$170.8 billion in annual revenue, 273,000 employees, 150,000 network subscribers.
The world’s largest telecommunications company, it’s hard to comprehend the stature of AT&T – a headache that even its own staff have to deal with.
“It’s such an overwhelmingly large corporation, it’s easy to see how it can be intimidating,” Vishy Gopalakrishnan states.
First becoming acquainted with AT&T in 2008, a brief hiatus at SAP separating two stints at the business, Gopalakrishnan has worked across multiple segments, from product marketing to corporate strategy and now as the Vice President of Ecosystem and Innovation.
“What does this role actually entail? It sounds about as corporate as you can imagine,” he continues. “Effectively, the question myself and my team are looking at is how a company like AT&T subjectively evaluates both internal and external innovation to incorporate new principles, products and services.
“That’s ultimately our genesis, it’s what we’re here to do.”
More specifically, the company has broken this down into three innovation highways, with the Ecosystem and Innovation team acting as the eyes and ears of the business on this front, implementing fresh, unorthodox, unconventional ideas.
“We meet with a roughly 500 startups every year, spanning all segments from networking to security to advertising technologies and everything in between,” Gopalakrishnan reveals. “Alongside this we have the Foundry, a series of innovation centres, four in the US, one in Tel Aviv, Israel and another in Mexico City.
“Often, we’ll be presented with a concept that shows a lot of promise but might just be words on a slide. The Foundry then comes in with its team of engineers, running prototypes to essentially de-risk and prove or disprove these ideas, putting the technologies through their paces.”
Not only does the Foundry aid startups, but equally it is one of the company’s most esteemed tools when working with businesses to overcome problems. To this end, AT&T ensures that it remains on top of cutting-edge academic research, consuming this and transferring the knowledge into algorithms that can be used to the benefit of enterprises.
“The third element of Ecosystem and Innovation,” Gopalakrishnan continues, “is an internal initiative named TIP, or the innovation platform, that’s effectively a kick-starter for employee innovation.
“Any employee can submit his or her idea to a completely democratic, grassroots portal that is then transparently ranked by rating, much like TripAdvisor.”
At the end of each quarter, the top four highest rated ideas are then presented to the company’s internal angel investor team that is made up of senior executives, providing the best ideas with funding, while the Foundry helps to prototype these ideas and eventually even bring them to market.
“We’re agnostic about where innovation comes from,” adds Gopalakrishnan. “It’s an art and a science, and I like to say that the book is not written but we’re always adding new chapters.”
Identification and application
Leveraging this broad, three-pronged scope, AT&T is able to call upon a diverse range of innovative successes across all sectors, one specific example being the firm’s recent work with temperature control packaging systems specialist Softbox.
An award winning, transformative business in the cold chain sphere, AT&T worked closely with the UK-based organisation in the latter stages of 2019, helping implement its expertise more extensively in the healthcare market.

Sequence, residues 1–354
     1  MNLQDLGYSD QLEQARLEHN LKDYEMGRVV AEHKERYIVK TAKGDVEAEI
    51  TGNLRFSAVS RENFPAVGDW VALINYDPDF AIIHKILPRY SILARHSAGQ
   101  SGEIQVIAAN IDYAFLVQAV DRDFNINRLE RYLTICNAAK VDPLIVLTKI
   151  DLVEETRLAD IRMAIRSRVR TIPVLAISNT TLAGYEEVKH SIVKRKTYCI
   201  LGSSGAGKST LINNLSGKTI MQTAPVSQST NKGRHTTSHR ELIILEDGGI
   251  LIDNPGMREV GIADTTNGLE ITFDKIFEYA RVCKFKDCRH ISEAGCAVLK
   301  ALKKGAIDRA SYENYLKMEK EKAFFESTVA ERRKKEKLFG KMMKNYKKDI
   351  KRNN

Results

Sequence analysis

“Let’s say a pharmaceutical company is sending me some very high-value medication,” Gopalakrishnan explains. “Maybe it’s part of a clinical trial, so they want to make sure that I’m taking it regimentally, that it’s kept at the right temperatures, etc.
“Softbox were already making packaging that has been able to keep medication at a particular temperature, but they wanted to expand the capabilities of their product. This in mind, we helped them build in sensors that would monitor when its packaging was opened, when medication was removed, whether it was kept at the right temperature, and even provide an idea of the location.”
Integrating connectivity technologies, the pair then went further, exploring a proof of concept study to use drones to transport these medicinal parcels, enabling scarce, lifechanging health resources to travel to remote locations, including areas hit by natural disasters.
Active in the smart healthcare sphere in other ways, AT&T further collaborated with US orthotics and prosthetics manufacturing firm Hanger late last year.
Implementing a gyroscope, magnetometer and accelerometer into Hanger’s modules, the Houston-based Foundry was effectively able to help reduce the severe discomfort suffered by patients during the first few weeks when using below the knee prosthetics.
“What these do is measure how much you walk, the type of walking such as going up and down stairs, and your direction and tilt,” reveals Gopalakrishnan.
“With this we went from zero visibility into what’s going on with the prosthetic, to real-time visibility with what’s happening with the patient, allowing adjustments to be made and advice to be offered, tremendously improving the quality of care.”
Realising the time and wrapping up the conversation, we shook hands and headed back out to the main floor of AT&T’s booth, as Gopalakrishnan left us with some final thoughts.
He concludes: “To succeed in this business you have to remain unconstrained. Every company is a technology company… every industry has the potential to be disrupted… and a critical part of this is engaging with startups.
“Our focus is not on the paperwork but on the collaboration.”